On Today’s Class

I just wanted to expand on a couple of issues raised in class today.

First: Someone mentioned the income disparity between women and men. This is a fallacy of the highest order perpetuated for reasons self-serving to today’s feminists.

Let’s just say for the sake of argument that there are two generic recent graduates of Ohio State, one male, one female. They took the same classes, got the same grades, and graduated with the same degree. They apply for similar jobs and are hired at the same rate. All other variables being equal, they will make about the same amount over their lifetimes.

Still, though, there is an income disparity in favour of the generic male that is more than statistically significant. He will make more money over his lifetime according to the statistics. I think 33% more was mentioned. Well, that’s true, but with a major caveat.

The income disparity arises in the statistics when women who leave the work force to raise children are still included in the wages/lifetime calculus. In other words; women who are not seeking or available for wage earning are still included in the larger group of female wage earners. Of course the statistics are going to be skewed if our generic female graduate takes several years off to raise children. DUH. (That is not to say that raising kids is not work–VERY HARD WORK, indeed, and often thankless, so thank you moms. It’s just not wage earning work.)

If the group of women that are not seeking work and raising children are excluded from the calculus, the wages/lifetime disparity drops to about 1%; i.e., barely statistically significant. That then can be eliminated when the fact that women often seek jobs in the voluntary or public sector where wages are just plain lower than in the more competitive private sector.

Second: East vs. West in regard to women’s rights. I will frame this argument in a way that is topical and maybe easier, then, to understand.

The current state of politics in the US is fractious, toxic and not all that productive. The recent debate over the debt-ceiling is a good example. Not only was it totally fubar, but the rhetoric got pretty heated from both sides (I can’t wait to revisit it after the super committee makes its decisions–yay). Enter Barack Obama and his claim that “both sides are as much to blame” in the ruination of the US’s fiscal situation. Obviously this is not true, and without getting into the specifics, I think it is pretty clear that one side owns the greater share of the blame for creating the situation.

But he is playing the part of the conciliator. He was saying that blame ought to be shared equally so as to spare the other side the embarrassment of admitting they were wrong. It is an expedient, and probably moved the situation in the direction away from the disaster it could have been. So, hooray for conciliation.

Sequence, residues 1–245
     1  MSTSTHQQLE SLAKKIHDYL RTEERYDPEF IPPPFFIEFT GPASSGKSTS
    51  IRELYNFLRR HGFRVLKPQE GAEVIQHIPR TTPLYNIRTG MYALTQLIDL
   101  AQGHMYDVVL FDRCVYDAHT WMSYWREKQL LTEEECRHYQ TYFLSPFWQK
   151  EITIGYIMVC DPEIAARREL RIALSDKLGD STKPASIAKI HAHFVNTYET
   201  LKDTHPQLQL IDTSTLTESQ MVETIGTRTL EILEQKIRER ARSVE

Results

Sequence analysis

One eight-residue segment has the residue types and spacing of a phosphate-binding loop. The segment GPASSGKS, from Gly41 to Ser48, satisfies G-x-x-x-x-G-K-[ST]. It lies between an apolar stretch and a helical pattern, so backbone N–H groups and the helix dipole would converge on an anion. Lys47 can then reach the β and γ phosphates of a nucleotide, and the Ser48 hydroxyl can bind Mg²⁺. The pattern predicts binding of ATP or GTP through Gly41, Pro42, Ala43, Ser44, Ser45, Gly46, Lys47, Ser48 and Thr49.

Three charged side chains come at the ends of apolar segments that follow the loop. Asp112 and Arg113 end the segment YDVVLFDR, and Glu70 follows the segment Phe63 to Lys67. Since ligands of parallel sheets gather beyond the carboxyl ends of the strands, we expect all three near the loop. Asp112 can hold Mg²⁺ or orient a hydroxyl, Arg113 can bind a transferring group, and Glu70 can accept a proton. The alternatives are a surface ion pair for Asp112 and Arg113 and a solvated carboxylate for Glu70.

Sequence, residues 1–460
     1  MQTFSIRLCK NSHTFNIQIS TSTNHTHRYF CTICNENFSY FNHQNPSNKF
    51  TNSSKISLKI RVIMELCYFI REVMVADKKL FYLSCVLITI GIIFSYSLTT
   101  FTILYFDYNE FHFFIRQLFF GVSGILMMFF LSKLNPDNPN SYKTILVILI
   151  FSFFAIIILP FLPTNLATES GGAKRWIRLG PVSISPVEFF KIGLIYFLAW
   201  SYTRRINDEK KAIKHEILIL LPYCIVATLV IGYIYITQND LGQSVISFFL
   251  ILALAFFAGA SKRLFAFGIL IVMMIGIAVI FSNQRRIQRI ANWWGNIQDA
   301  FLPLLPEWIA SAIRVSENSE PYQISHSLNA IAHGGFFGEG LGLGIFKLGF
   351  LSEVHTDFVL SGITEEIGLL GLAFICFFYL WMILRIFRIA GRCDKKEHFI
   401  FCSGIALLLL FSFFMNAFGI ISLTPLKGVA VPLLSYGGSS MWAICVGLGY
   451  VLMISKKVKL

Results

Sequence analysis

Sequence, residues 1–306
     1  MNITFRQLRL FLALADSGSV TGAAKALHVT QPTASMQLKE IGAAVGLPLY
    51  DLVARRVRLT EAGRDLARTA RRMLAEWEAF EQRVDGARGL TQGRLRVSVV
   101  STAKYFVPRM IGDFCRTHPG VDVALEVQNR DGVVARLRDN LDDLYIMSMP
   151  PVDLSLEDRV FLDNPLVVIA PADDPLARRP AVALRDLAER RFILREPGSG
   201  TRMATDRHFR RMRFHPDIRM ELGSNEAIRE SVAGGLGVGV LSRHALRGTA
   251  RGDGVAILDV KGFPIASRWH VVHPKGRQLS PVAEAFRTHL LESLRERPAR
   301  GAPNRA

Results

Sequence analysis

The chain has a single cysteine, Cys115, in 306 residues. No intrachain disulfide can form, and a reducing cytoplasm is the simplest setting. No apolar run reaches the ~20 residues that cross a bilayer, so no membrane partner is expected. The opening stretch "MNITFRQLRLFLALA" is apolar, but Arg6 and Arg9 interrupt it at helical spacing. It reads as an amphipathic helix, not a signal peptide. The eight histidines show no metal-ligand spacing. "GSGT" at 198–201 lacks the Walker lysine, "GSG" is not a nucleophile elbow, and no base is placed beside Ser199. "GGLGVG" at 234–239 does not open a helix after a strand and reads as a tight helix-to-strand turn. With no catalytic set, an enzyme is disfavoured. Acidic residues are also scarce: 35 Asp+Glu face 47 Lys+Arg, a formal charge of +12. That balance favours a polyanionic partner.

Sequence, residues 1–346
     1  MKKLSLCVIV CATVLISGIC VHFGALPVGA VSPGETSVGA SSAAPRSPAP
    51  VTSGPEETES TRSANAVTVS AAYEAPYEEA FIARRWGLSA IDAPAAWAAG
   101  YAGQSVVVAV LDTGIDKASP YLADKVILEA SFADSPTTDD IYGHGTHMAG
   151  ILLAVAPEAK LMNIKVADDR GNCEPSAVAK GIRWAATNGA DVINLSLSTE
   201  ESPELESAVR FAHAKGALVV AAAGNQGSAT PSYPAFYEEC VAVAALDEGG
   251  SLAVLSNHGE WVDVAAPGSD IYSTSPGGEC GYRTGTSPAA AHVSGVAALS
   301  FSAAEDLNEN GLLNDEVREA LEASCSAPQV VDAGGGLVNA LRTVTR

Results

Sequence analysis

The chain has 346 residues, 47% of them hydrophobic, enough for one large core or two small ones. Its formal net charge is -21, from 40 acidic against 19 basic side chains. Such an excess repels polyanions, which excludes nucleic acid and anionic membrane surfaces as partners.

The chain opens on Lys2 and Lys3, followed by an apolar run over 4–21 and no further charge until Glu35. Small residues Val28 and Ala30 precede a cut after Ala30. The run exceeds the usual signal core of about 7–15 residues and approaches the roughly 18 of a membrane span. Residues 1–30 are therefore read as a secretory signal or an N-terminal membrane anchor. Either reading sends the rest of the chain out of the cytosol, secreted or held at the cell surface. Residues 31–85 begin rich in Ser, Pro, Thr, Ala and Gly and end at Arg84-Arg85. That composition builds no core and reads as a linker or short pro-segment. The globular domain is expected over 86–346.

I, however, am not above assigning blame where blame is due.

To relate it to our discussion about East v. West and women’s rights: I think everyone shared in the opinion that both East and West share equally in mistreatment of women.

Certainly if we were to take the last 2000 years and hold an imaginary graph of East and West women’s rights side by side, for nearly 2000 years they would be equal. In the interest of not unduly embarrassing either side, we say that both sides are equally deplorable.

I agree, but with a major caveat.

The above would be true if we ignore the last 50 years of Western history. By any metric of freedom: income; voting rights; abortion rights; agency; clothing choices; driving rights; etc., we can say with confidence that the West has by far outpaced the East in terms of women’s rights.

I also do not think that it is Orientalist to say so.

We also said that there are debates over in the East among Easterners about the same issues, and that it was ok for them to be self-critical because they are not thinking through an Orientalist lens, but for a Westerner to be critical is somehow negative and wrong. I think the criticism is right and valid in this case, and there is evidence to back up the argument. For the sake of women everywhere, it ought to be pointed out publicly.

So, that was probably offensive on many levels. Just to clarify, I am being intentionally provocative.

I would really like to hear your reactions and comments.


4 thoughts on “On Today’s Class

  1. Thanks for this post. Since it came up: I don’t think anything here is offensive in the sense that the post is not disrespectful to anyone.

    I’m also curious about the responses. The first part is a straight-up argument about statistics. The second has fewer stats, but rests on a generalization about “West” and “East.” Questioning such generalizations while paying attention to real differences was precisely the reason for today’s class.

    So: what kinds of research questions should we ask to investigate global differences in women’s rights and situations?

  2. Interesting. You do make a good point. However when I looked at a few pages they described without variables of women who don’t work and such nature, however i will do a bit more research until i find something conclusive. With your second point I do agree with you.

  3. I think the second part of the article is sort of to general when you say East vs. West because the Eastern countries always differ in their human rights as well as women’s rights and the same goes for the Western countries.

  4. As to the percentages and whatnot written on the chalkboard last week or two weeks ago regarding maternity leave, my only reply is; infant mortality rates. People can look this concept up for themselves and how it applies to the countries that were written on the board.

    I’ve been holding off on this reply since that class so as to not cause a series of discussions that ratchet up in intensity.

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